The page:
Has anyone gone to such lengths to achieve quiet, effective cooling?

    On another note, what about heat pipes? Seen any lately? About fifteen years ago, I fixed an audio power amplifier for an EE who usually attempted his own repairs, but was left scratching his head at this tiny, futuristic, limited-production "concept amp" from Sony. (It's no wonder why: there was no signal voltage until the output stage- it was a current amp, not a voltage amp; quite unusual at the time). This amp had the output transistors on a small copper block, with a copper tube running to the rear, where it ran through a long stack of thin aluminum plates spaced about a quarter inch apart from each other. This was a heat pipe. The tube was concentric and full of refrigerant, which was boiled by the power transistors, forced through one tube as a gas, and condensed to liquid as it flowed through the heat exchanger plates at the rear. The heat input caused the circulation. This allowed the power transistors to be located on a small board with the other circuits, without heating them up very much. Other components could sit right on top of the thin power amp chassis without getting hot. The whole thing was almost weightless, but each channel put out 125 Watts. (It also had a rectified-line switching power supply to eliminate the power transformer).

    Now, that was COOL. Why don't Intel and Alpha owners have heat pipe coolers like that? It makes the status quo look pretty retro, if you ask me.

  • It looks to me like that's a resistance heater wrapped around the evaporator/CPU assembly. Brute force; inefficient; but it would stay dry.
  • Many overclockers are broke gamers, who already blew their spare cash on a good video card, and games...

    They have the time, but not the cash.

    Not all slashdot readers are $80k a year sysadmins or something.
  • I don't know why they bother with actual refrigeration compressors. Peltier Devices are more than capable of cooling a CPU to below freezing temperatures. They are cheap, easy to apply, and also run on 12VDC.

    If you don't know what Peltier devices are, they are used in portable refrigerators for cars.

    One source of them that I know of is here []

    Have fun,

  • Has anyone ever come up with an interface that would plug into cpu socket on the motherboard and
    allow you to place the cpu into the other end
    of the interface??

    I.E. a fibre-optic channel or something...(is copper
    wire 2 feet in length fast enough for cpu traffic??)
    This would allow you to cool the cpu seperate from the internal
    components of the rest of your computer...
    You might even be able to stick the cup in
    a liquid nitrogen bath (sealed) inside a cooled unit.

    I can think of a number of ways.. just curious as
    to wether or not anyone has ever done anything like this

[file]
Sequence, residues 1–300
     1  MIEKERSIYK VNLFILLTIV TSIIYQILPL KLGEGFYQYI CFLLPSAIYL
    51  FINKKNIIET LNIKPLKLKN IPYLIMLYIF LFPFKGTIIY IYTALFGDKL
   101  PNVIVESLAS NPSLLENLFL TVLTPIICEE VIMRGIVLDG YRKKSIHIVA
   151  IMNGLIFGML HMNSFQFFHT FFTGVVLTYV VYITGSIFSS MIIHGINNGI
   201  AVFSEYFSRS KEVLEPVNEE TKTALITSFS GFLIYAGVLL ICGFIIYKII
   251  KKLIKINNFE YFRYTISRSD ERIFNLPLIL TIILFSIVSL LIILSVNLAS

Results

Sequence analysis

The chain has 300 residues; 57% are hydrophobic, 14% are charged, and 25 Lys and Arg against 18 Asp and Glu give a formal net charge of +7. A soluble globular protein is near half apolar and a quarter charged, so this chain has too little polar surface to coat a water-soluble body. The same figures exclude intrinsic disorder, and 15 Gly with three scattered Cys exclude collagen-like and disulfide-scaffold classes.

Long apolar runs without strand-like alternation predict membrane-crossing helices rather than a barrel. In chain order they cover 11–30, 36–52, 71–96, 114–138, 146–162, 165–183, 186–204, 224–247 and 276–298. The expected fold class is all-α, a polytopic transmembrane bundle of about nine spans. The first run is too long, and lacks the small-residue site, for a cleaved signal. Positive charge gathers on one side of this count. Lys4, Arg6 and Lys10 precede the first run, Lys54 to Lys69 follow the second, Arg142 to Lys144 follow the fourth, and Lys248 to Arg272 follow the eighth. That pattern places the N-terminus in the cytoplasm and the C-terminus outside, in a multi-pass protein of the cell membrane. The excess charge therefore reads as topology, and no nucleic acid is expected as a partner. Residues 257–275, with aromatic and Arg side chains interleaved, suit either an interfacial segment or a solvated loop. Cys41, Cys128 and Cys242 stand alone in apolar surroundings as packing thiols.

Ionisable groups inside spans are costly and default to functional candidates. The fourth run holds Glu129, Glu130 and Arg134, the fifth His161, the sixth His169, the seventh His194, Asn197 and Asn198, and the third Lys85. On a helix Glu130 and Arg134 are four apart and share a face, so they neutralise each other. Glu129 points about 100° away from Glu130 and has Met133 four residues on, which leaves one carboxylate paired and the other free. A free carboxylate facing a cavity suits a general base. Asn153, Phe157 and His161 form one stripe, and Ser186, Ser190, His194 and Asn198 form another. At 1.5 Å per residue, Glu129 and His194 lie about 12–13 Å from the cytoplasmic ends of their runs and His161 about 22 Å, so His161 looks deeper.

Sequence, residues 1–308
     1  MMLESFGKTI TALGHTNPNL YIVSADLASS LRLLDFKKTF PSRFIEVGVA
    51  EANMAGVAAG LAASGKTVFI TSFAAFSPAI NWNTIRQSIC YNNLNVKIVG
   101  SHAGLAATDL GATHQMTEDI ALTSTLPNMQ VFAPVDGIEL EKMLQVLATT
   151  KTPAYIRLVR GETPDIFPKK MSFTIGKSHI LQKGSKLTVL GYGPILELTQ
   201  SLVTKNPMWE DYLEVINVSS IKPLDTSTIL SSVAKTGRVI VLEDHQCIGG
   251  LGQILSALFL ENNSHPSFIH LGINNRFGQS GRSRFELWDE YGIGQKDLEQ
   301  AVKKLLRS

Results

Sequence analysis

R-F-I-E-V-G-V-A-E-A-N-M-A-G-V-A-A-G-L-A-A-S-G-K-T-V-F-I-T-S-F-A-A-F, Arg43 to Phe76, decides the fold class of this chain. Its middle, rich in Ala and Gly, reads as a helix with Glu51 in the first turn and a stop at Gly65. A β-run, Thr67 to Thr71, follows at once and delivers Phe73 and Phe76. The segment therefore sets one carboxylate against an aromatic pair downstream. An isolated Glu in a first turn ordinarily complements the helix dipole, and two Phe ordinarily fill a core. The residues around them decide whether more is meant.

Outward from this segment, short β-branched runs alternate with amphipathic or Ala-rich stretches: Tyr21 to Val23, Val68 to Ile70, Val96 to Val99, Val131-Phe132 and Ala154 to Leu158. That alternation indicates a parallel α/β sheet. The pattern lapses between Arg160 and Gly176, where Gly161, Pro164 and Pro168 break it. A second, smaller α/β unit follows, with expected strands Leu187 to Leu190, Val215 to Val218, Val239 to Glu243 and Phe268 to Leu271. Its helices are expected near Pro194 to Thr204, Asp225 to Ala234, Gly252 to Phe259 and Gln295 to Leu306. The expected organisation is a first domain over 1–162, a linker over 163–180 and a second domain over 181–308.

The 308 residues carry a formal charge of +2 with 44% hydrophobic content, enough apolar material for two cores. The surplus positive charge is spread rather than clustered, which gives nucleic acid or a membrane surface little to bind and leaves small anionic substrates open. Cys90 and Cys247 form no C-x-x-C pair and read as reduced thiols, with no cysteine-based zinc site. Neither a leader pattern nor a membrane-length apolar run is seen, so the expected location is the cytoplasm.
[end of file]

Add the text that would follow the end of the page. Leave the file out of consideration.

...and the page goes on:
or if anyone knows why this is a bad idea???

  • Ok... how about just 10 inches? and make it
    fiber optic??

    I understand the slowdown with copper...
    wouldn't the fiber-optic be fast enough? Even at 10 inches?

    There's got to be a way :>
  • I can get my trusty PII 233 to run at 350Mhz with pretty good stability using air cooling. Of course I have to take the cover off of my case and blast it with a big-ass window fan. According to the thermistor on my motherboard, the chip didnt heat up over 313K. Since my PII is pretty hot anyway, I was impressed. YMMV

    Has anyone tried running a Sterling engine using a CPU as the heat source? I was thinking about building one, but dont have access to a machine shop anymore. I think that it would be super cool to have a 18th century reciprocating engine running your case fan.

  • Excellent article :-)

    Now this is the sort of thing that should be making the top page of /.


  • by dkh2 ( 29130 )
    Yet, You still run into those other pesky problems from related system timings you forgot to adjust.

    Sure, it's fun to get a little more speed from your core but, after accounting for your time and effort at what you should be making as a techie who can do things like this isn't it still more cost effective to just buy the faster chip to start with?


  • any university with a good chemistry department should be able to hook you up with this also :)

    i used to have lots of fun with liquid N2!!
  • While there may be alternatives, Intel still command the largest (by far) segment of the processor market.

    This means that most software is developed for Intel processors - sure, you can run NT on a DEC Alpha, and run FX32! to run Intel compiled programs, but that's not always a suitable alternative.

    You could get a G4, but they're stuck at 450MHz at the moment - and there's a lack of software (though not as bad as in my next example).

    As for getting a Sparc, as much as that'd be nice, again, you run into the problem that there's simply not the market for these processors to warrent the development of a lot of software, especially games (and you'll find that a large number of overclockers are actually gamers).

    It's all good and well to crow about the alternatives, but unfortunately, that's all they are at the moment in many cases - alternative ideas, not necessarily good ones.
  • More research in Computer Science should be executed in this manner. Overclocking a 486 / 25 Mhz to a 486 / 247Mhz is a noble feat.
  • NT and Linux now handle issuing the HLT instruction by default; they basically have software that does the same thing built into the kernel. Windows 95/98 most certainly does NOT. I'm not sure about MacOS, I don't know if the PPC architecture even has a HLT instruction. I think that the inclusion of proper HLT-management in Linux is one of its coolest features. If someone isn't sold on Linux, just tell them that their computer will generate MUCH less heat than in Windows 9x, their processor will last longer because of it, and they'll probably save a few bucks in electricity. Sells 'em every time! And overheats in Windows without Waterfall or CPUIdle are SO annoying -- Linux is a godsend.